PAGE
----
[The Burning of Washington, D.C. in the War of 1812] National Intelligencer, Five Issues: Monday, September 4, 1814–Wednesday, September 14, 1814].
The burning and capture of Washington, D.C. by British troops during the War of 1812 was a bitter blow to the young American Republic.
British forces under the command of Rear Admiral George Cockburn and General Robert Ross captured the city on August 24, 1814 and burned many United States government buildings including the Capitol and the White House.
The next day, Admiral Cockburn gave orders to destroy the printing offices of the Washington newspaper, the National Intelligencer —a newspaper that had attacked him as “The Ruffian”— and to destroy its printing type.
Undeterred, the newspaper resumed publication just three days later. The editors’ ardent desire to re-start publication was made evident by its quick re-appearance in the following days, printed on atypical coarse paper, a blue/gray “necessity” paper.
These scarce five issues, each printed in 5 columns, were published in early September in the aftermath of the attack on Washington and the burning of the White House and the Capitol. They present contemporary reactions to the city’s destruction and its brief military occupation. News items or letters printed within discuss temporary accommodations for Congress, U.S. Army and Navy reports of numerous battles (e.g. a battle narrative from Oliver Hazard Perry), and other news of the War (e.g. native Americans brought from Appalachia by the British to Pensacola, Florida to fight, dressed in British uniforms).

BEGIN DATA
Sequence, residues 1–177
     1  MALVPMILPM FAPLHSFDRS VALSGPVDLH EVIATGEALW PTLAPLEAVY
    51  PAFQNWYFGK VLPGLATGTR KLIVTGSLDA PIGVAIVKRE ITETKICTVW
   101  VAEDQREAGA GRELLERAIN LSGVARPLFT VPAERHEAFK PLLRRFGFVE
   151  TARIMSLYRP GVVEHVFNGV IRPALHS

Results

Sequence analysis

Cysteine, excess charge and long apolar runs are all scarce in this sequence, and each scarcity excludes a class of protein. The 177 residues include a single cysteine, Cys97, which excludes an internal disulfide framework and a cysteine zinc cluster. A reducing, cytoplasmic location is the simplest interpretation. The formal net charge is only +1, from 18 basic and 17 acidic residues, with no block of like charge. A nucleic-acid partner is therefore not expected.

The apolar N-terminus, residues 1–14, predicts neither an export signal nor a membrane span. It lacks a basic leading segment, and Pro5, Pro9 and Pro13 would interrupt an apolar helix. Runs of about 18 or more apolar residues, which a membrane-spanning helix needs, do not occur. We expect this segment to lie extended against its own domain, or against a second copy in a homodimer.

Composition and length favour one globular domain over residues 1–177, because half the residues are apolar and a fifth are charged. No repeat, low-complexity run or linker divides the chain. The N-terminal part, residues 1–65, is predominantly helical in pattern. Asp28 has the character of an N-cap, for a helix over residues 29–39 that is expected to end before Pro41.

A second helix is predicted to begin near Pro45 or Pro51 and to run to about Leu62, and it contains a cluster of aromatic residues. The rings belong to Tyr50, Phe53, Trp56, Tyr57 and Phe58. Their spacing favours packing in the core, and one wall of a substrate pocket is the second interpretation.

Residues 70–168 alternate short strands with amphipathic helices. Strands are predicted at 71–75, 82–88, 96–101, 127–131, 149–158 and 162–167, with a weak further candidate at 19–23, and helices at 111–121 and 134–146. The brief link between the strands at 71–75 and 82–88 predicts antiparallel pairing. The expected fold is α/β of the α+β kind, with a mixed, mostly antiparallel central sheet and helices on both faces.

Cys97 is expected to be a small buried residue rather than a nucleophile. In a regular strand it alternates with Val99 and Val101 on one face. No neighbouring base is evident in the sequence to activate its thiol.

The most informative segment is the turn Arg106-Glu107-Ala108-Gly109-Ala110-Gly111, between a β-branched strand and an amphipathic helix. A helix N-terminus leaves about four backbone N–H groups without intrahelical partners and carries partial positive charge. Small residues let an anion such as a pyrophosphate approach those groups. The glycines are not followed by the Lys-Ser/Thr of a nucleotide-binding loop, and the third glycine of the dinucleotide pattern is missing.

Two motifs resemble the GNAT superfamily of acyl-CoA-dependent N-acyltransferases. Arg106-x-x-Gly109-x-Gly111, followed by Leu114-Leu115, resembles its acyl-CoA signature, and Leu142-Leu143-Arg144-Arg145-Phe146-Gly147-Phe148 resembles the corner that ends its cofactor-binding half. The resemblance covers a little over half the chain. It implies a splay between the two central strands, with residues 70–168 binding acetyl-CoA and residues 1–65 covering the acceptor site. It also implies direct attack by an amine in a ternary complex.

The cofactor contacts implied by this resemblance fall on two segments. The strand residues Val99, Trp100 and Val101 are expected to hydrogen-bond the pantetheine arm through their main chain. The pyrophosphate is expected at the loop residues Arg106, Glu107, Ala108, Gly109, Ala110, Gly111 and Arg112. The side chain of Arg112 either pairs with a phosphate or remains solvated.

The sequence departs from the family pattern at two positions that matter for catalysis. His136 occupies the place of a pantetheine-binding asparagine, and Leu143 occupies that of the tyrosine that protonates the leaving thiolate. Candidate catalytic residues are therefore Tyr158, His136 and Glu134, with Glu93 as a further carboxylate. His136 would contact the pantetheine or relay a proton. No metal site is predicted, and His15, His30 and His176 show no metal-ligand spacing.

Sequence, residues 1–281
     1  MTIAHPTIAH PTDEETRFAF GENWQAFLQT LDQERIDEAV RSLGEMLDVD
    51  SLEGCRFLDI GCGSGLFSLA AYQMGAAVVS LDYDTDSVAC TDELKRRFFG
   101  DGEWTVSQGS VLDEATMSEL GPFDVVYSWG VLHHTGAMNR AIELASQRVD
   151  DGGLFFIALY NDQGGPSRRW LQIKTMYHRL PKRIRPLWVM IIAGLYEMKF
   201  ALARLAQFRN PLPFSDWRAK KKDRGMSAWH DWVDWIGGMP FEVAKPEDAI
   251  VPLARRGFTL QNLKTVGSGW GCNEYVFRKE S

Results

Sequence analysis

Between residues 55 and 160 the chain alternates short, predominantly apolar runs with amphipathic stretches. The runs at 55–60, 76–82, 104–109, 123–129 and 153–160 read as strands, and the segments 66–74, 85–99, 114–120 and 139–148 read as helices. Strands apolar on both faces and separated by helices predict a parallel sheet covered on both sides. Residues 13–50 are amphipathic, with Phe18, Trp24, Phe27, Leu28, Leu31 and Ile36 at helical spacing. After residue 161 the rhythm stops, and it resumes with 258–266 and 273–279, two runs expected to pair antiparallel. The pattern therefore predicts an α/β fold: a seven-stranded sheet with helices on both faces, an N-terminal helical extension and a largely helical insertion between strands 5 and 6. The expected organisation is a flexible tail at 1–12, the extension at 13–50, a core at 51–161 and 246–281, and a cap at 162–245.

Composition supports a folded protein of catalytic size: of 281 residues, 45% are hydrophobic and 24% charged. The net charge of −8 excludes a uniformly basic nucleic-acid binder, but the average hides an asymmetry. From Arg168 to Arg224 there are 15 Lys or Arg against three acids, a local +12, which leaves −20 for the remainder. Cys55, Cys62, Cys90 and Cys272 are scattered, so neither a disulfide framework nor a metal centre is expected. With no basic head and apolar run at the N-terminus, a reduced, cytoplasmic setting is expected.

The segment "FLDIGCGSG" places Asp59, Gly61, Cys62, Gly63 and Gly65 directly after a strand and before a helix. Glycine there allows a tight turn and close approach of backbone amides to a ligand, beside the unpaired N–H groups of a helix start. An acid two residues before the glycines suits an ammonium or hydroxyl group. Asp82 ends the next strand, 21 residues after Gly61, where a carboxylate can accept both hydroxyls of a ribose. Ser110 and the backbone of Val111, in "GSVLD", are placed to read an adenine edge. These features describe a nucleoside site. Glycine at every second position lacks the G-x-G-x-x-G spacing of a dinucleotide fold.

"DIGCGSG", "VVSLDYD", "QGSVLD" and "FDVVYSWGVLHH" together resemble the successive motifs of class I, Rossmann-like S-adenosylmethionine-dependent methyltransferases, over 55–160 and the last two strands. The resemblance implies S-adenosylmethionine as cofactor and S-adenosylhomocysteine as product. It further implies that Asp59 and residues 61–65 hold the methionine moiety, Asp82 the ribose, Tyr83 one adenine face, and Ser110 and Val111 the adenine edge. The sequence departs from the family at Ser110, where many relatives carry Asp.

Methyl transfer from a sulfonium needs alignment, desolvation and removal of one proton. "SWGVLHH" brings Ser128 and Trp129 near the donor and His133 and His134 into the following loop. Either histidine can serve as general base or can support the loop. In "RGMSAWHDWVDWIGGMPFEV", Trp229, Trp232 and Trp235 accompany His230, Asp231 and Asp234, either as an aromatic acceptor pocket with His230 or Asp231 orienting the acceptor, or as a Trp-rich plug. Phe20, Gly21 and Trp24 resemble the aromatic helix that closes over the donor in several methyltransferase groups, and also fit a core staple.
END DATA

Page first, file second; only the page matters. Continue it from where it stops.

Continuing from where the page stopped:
Notable letters within include: a public letter describing the scene in Washington on August 24 by William Thornton, former Architect of the Capitol and rescuer of the U.S. Patent Office Building (September 7); a letter from U.S. Secretary of State James Monroe (September 9); a defensive letter from Dr. James H. Blake, Mayor of Washington (September 9); Commandant of the Washington Navy Yard, Commodore Thomas Tingey’s report to the U.S. Secretary of the Navy on his actions in Washington City on August 24 (September 12); and a letter of William Thornton reacting to Dr. Blake’s “acrimonious attack” on him in the September 9 issue (September 12).
At least four advertisements concern African Americans: A wanted ad for two female slave servants provided they were “without the incumbrance of a child” and had no husbands; A runaway slave and reward notice for a Black man (“a little bow legged, speaks much in the negro style, not easily understood”) who escaped a Maryland jail with the help of a white anti-slavery activist; Another runaway slave of whom the subscriber notes “As no particular cause existed of his going away, and from circumstances which have since come to my knowledge, it is suspected that he intended to join the enemy…”; And the printers of the paper itself seeking to purchase a “smart NEGRO BOY, from 13 to 18 years old.”
Other brief articles or adverts inform of the Banks of Philadelphia suspending specie and the desire for the return of a horse and great cloth coat lost on the battle-ground, etc.
Description: [The Burning of Washington, D.C. in the War of 1812] National Intelligencer, Five Issues: Monday, September 4, 1814–Wednesday, September 14, 1814].
Washington City [D. C.], Monday, September 4 [i.e. 5], 1814–Wednesday, September 14, 1814. Five newspapers; printed on rectos only on pale blue/gray paper. In sequence:  pages,  page (possibly complete);  pages;  pages; and  pages. Each approx. 19½ x 12½ inches. Published thrice weekly. Removed; disbound as a group. Foxing; some minor creases; fore-edges closely trimmed on a few leaves; the second page of the final issue has a lower left hand corner loss that affects 27-lines of text in the first of 5 text columns; some closed tears; overall, Very Good.